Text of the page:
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Posted at 03:41 PM ET, 08/25/2011

Black rice, “The forbidden rice”

Hi Levita, I hope you are well.
I have been hearing a lot in the media recently about the health benefits of eating black rice. I don’t recall ever seeing this in the grocery store, and am not sure if I would even like it. Can you recommend any easy recipes that would incorporate this ingredient?
Thanks,
Andrew

I am well, and thank you for this inquiry, Andrew. Because I have never seen black rice, let alone bought or tasted it, your question prompted me to do a little culinary investigation. A CNN Health article by Carina Storrs entitled “Is Black Rice the New Brown?” outlines some history, health benefits and culinary uses of black rice. According to Storrs, legend has it that black rice was so delicious, nutritious and rare that back in the day it was reserved for the pleasure and consumption of emperors and royalty in places like China. Perhaps the health benefits of black rice offer a partial explanation as to why it was so revered. 

Like other red, blue and black fruits, vegetables and grains that are high in anthocyanins (which is in the color of these foods and is the source of the antioxidants) “whole” black rice–that which still has its bran intact–is full of health benefits. 

It is high in iron, fiber and antioxidants, particularly Vitamin E, and lower in sugar than its fruit counterparts, and therefore considered an even better preventative measure against (or alleviator of) chronic inflammation, allergies, high cholesterol, high blood pressure, diabetes, Alzheimer’s, heart disease, certain cancers, and even aging according to articles listed at www.blackrice.com, a non-profit dedicated solely to disseminating knowledge about this super food. 

As far as culinary uses, I’m inclined to try it as a plain side dish as I would plain brown or white rice.  Storrs’s article cites the texture as chewy and the flavor as nutty with floral undertones. In various parts of Asia, black rice is also made into a breakfast porridge and lots of tasty desserts.  The Purple Rice Pudding with Rose Water Dates from Epicurious.com is one that I am eager to try. I like the ingredients list for it, including the two I’ve never experimented with, the black rice and the rose water. 

My mouth began to salivate, too, when I read over the recipes for more savory dishes like Black Rice with Scallions and Sweet Potato, also from Epicurious and a five-star rated Black Rice Risotto recipe from Foodnetwork.com. 

Although it’s history traces back to various parts of Asia, and it has been referred to as “the forbidden rice” because, according to legend, regular people could be killed if caught with black rice without the approval of the proper authorities, those of us who are not emperors or of a royal family can possibly find it at Whole Foods, My Organic Market (MOM’s), area food coops, and local Asian markets.  Blackrice.com not only educates its readers by citing the latest studies about black rice, but it also lists places to buy it.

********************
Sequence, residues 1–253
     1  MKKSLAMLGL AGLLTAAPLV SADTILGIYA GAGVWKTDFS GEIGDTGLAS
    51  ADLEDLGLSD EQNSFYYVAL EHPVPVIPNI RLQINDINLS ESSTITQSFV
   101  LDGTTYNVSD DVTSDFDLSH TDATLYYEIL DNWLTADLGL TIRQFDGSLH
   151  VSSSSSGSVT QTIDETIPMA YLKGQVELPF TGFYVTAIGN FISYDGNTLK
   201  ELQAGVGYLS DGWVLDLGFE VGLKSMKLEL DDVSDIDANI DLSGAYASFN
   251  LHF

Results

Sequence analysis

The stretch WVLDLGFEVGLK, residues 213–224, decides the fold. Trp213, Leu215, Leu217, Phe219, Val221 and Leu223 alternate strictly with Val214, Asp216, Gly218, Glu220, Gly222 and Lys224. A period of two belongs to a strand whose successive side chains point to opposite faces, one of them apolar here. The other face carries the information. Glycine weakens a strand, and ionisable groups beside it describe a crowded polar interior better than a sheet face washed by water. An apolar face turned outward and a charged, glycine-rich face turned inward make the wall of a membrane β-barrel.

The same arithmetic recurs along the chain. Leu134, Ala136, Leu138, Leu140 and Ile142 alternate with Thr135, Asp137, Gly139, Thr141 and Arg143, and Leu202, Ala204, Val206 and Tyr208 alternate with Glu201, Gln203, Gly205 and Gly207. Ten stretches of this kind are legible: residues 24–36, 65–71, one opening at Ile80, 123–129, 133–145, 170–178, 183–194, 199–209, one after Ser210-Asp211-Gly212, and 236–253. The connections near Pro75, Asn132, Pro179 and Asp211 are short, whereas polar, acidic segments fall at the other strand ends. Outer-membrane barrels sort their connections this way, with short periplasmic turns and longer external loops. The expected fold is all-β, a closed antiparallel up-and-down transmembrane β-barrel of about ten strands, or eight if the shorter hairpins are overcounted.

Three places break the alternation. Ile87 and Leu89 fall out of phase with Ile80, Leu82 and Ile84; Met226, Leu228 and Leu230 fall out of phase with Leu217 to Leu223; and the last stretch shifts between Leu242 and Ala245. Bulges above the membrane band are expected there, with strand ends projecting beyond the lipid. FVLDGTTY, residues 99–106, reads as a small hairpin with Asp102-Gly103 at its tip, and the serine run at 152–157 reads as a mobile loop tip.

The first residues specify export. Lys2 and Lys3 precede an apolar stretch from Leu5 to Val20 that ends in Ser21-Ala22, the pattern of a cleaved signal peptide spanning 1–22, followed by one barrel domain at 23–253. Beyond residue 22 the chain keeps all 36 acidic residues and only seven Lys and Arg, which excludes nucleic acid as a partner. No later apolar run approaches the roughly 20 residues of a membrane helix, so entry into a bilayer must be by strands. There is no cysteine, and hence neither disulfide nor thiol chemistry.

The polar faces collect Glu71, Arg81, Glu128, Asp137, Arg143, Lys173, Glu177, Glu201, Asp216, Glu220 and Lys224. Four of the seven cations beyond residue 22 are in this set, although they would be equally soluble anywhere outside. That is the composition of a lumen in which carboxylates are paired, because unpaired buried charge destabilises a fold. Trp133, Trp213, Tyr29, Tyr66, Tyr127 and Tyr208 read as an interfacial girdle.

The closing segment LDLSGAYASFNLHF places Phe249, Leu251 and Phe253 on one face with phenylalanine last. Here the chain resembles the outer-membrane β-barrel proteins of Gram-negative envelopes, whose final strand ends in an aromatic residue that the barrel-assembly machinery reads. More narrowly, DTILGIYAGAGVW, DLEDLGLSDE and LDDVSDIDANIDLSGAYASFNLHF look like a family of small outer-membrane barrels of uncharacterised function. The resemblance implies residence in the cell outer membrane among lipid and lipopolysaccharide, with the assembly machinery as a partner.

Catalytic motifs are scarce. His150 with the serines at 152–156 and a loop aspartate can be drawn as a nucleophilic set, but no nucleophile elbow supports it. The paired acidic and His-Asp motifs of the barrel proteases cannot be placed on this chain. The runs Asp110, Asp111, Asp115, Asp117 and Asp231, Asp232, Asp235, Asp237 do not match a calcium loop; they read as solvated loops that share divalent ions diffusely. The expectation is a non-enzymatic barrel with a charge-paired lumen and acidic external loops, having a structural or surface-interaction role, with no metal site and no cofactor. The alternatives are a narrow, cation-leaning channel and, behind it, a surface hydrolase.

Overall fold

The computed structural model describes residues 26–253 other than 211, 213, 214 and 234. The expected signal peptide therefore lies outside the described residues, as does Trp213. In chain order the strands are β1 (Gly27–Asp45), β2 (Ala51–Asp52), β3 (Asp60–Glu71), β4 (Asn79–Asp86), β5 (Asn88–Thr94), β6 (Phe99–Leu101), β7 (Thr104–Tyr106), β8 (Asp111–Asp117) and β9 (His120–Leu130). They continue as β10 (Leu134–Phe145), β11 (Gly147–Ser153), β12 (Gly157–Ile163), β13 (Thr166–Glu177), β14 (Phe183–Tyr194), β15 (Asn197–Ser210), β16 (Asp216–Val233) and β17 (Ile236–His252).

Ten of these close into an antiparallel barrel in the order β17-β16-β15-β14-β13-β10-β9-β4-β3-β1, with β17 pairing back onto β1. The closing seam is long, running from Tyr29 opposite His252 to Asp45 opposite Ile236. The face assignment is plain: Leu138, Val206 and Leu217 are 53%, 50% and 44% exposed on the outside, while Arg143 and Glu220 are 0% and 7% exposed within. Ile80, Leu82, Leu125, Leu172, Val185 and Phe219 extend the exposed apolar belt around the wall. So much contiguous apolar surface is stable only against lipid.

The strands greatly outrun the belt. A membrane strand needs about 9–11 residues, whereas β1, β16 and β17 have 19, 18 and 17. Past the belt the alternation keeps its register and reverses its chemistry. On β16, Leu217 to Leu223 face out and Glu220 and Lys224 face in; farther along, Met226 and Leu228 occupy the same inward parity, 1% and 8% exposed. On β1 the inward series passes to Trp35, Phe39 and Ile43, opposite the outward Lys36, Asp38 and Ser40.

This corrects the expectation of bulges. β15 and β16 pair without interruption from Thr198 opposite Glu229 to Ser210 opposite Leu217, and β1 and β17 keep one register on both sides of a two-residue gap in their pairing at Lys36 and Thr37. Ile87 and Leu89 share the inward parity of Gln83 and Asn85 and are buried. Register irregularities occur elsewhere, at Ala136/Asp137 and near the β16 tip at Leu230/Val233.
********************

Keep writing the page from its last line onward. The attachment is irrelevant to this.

In addition to the rice pudding above, I’m going to try the recipe below, which was complete with two places from which to order the rice, Kalustyan’s, 800-352-3451 and Indian Harvest, 800-294-2433.  There are lots of other on-line places to purchase black rice and find recipes.  Find a dish that appeals to you, prepare it, and let me know how it turns out.

 Black Rice with Scallions and Sweet Potatoes (from Epicurious.com)

Gourmet | January 2004

Yield: Makes 4 servings
Active Time: 15 minutes
Total Time: 40 minutes

Ingredients

3/4 cup Chinese black rice
1 1/2 cups water
3/4 teaspoon salt
2 tablespoons vegetable oil
1 bunch scallions, chopped (3/4 cup)
1 tablespoon minced peeled fresh ginger
1 large sweet potato (12 to 14 ounces), peeled and cut into 1/2-inch dice
Garnish: chopped scallion greens

Preparation

Rinse rice in a sieve under cold water. Bring rice, water, and 1/2 teaspoon salt to a boil in a 1 1/2- to 2-quart heavy saucepan, then reduce heat to low and cook rice, covered, until tender and most of water is absorbed, about 30 minutes. Let rice stand, covered, off heat 10 minutes.

While rice cooks, heat oil in a 12-inch heavy nonstick skillet over moderately high heat until hot but not smoking and sauté scallions, ginger, and sweet potato, stirring, until coated well, about 2 minutes. Reduce heat to moderate and add remaining 1/4 teaspoon salt and pepper to taste, then cook, covered, stirring occasionally, until potato is just tender, about 12 minutes. Add rice and toss gently to combine.

More from Vita’s vegan ventures.

By Levita Diane Mondie  |  03:41 PM ET, 08/25/2011

Categories:  Levita Mondie-Sapp

 
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